Rambling thoughts on John Prine and American leftism

The death of American folk singer John Prine on April 7, 2020, made me go back into my drawers and look for a cassette tape.

I got it through post from Missouri 1985. A young American longhaired radical I had met in Calangute Beach, Goa, India in 1984, had sent it to me. ”You gotta listen to John Prine”, he had said repeatedly at the beach bars we attended in this cool hippie resort on the Western coast of India.

Indira Ghandi hade been shot a few weeks earlier and foreigners were advised to leave metropolitan areas. I had taken a ferry from Bombay to Goa, travelling overnight close to the coastline.

The young radical in Missouri, his name could be John but I don’t recall, had spoken about the history of the American working class, an unusual topic for longhaired laidback Westerners in Goa, who rather spoke about the current drug traffics, Indian cops and where to eat the best fried banana pancakes.


”John” was excited about about the history of working class struggles in the USA and seemed to be writing a Marxist thesis, as I remember. I knew some of Marx’s writings and we chatted away at the sunsets, being lost in the Wobblies (IWW), the Swedish-American singer Joe Hill’s union and what victories were important for American workers. He was very well informed.

The cassette tape with John Prine’s great 70s albums Prime Prine and Bruised Orange was welcomed into my home in Uppsala, Sweden, where I had returned in 1985 after a three months journey overland from Greece, Turkey, Iran and Pakistan to India. I liked his folksongs but did not follow him as close as some of Prine’s admirers Bob Dylan and Bruce Springsteen.

John Prine’s songs about working people fit well with our discussions, as well as Woody Guthrie’s earlier songs. I had read Guthrie’s autobiography Bound for Glory (and watched the film version but disappointed by Robert Redford) and loved the stories of freight train rides into the the Midwest and to California during the Dust Bowl years. As a rolemodel for the very young Bob Dylan, Guthrie was inevitable for a Dylan fan like me.

With singers like Guthrie and Joe Hill I got to understand more about the American left. I had met American Marxists-Humanists in New York and Trotskyists in Detroit in 1979. The Danish editor and historian Lars Hedegaard had much longer contacts with American Trotskyism he told in this interview 2019.

My interest and activism in anarcho-syndicalism lead me to American libertarian leftist leaders from the early 1900s like Emma Goldman and Alexander Berkman. Their books is translated into Swedish and published by the Swedish anarcho-syndikalist union SAC:s printing house Federativs förlag. Woody Guthrie was in this movement, and with the Beatniks in 1940s – 50s and then Bob Dylan, there are undercurrents of a certain anti-authoritarian left in the US.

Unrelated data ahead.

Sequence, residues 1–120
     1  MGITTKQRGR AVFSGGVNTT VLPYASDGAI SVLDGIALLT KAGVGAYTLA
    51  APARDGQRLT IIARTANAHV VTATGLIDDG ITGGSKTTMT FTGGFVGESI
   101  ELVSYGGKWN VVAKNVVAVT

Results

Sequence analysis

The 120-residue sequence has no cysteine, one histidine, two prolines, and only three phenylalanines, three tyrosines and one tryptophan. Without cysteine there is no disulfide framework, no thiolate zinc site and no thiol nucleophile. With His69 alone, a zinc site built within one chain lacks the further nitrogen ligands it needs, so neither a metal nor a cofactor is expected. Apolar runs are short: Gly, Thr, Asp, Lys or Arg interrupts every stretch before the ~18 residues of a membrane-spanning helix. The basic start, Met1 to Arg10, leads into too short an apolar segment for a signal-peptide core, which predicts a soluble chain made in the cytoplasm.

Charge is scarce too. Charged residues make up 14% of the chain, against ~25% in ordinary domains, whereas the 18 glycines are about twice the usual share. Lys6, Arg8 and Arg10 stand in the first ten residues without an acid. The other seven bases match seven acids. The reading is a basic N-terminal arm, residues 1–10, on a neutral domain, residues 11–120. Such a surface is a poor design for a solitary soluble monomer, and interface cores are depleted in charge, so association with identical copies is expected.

This left could either be a part of the people, like Woody Guthrie, or stray away into its own elitist stance, like the cultural left around the Democrats of today. The socialist philosopher Richard Rorty warned in an interview I did with him in 2001 for the neglience of the workers by the cultural left.

A few years later writer and Democrat Thomas Frank published his What is the matter with Kansas? where he found the Democrats going in the wrong direction, away from white skinned blue-collar workers. I listened to him in Stockholm in 2017 and spoke with Swedish podcaster and expert on US’ politics Ronie Berggren about Frank’s criticism of his own party.

In the leading Swedish daily Svenska Dagbladet, the correspondent Malin Ekman tried recently to understand American leftism through Bernie Sanders. She is too involved with the same leftist liberal elite as Thomas Frank criticized to really understand why Trump succeeded 2016. The leftist elite is anti-USA, the workers not.

It is common to degrade Swedish nationalism and American conservatism in our press. SvD is not alone; writer Ola Larsmo (a enemy of free speech as head of Swedish PEN) seems happy to write about miserable Swedes in 19th century USA and leftist publicist Olof Lagercrantz, who wrote:

“Är vi svenskar mer konservativa och mera fallna för auktoritärt våld än andra folk? Jag blev orolig när jag i Boston för en månad sedan hörde professor Birgitta Odén – utsänd att studera svenskarna i USA – meddela att de svenska immigranterna i allmänhet stått och står långt mera till höger än andra invandrargrupper ”, Dagens Nyheter, 29 juni, 1970.


Weather John Prine was a Democrat, a Republican or independent does not matter. He sang songs for and about regular people, like himself, a mailman before he turned professional musician 1971.

I knew he was proud of the working class and that is why my friend at the Indian beach loved him. May he be remembered well and God bless his soul.



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